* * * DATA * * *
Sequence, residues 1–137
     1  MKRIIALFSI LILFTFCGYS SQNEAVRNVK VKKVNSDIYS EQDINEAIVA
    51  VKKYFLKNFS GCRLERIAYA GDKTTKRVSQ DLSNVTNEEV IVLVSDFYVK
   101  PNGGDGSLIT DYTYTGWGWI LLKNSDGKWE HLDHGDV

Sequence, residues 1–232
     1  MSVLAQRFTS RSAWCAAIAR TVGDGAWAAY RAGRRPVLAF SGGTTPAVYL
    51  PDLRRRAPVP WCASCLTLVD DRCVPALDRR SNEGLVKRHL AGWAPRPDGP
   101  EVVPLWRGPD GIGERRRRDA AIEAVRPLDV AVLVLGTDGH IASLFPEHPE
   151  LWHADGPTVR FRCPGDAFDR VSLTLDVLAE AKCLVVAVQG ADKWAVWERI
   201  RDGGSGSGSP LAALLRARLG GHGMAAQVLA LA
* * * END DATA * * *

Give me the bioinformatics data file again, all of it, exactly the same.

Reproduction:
Sequence, residues 1–137
     1  MKRIIALFSI LILFTFCGYS SQNEAVRNVK VKKVNSDIYS EQDINEAIVA
    51  VKKYFLKNFS GCRLERIAYA GDKTTKRVSQ DLSNVTNEEV IVLVSDFYVK
   101  PNGGDGSLIT DYTYTGWGWI LLKNSDGKWE HLDHGDV

Sequence, residues 1–232
     1  MSVLAQRFTS RSAWCAAIAR TVGDGAWAAY RAGRRPVLAF SGGTTPAVYL
    51  PDLRRRAPVP WCASCLTLVD DRCVPALDRR SNEGLVKRHL AGWAPRPDGP
   101  EVVPLWRGPD GIGERRRRDA AIEAVRPLDV AVLVLGTDGH IASLFPEHPE
   151  LWHADGPTVR FRCPGDAFDR VSLTLDVLAE AKCLVVAVQG ADKWAVWERI
   201  RDGGSGSGSP LAALLRARLG GHGMAAQVLA LA